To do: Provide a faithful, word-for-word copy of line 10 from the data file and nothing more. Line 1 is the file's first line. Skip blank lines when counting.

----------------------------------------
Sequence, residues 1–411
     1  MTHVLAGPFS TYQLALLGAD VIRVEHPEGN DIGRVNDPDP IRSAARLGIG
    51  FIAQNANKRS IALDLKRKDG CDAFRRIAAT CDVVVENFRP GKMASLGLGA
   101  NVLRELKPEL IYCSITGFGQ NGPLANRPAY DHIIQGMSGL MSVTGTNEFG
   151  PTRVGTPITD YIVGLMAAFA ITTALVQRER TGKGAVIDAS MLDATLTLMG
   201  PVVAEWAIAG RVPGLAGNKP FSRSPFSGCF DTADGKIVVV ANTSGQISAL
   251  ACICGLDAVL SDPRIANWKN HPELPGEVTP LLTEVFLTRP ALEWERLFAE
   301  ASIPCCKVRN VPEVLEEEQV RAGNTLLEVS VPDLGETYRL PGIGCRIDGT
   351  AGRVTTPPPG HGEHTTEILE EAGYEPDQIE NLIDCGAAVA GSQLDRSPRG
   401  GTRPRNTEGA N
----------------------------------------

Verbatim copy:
   401  GTRPRNTEGA N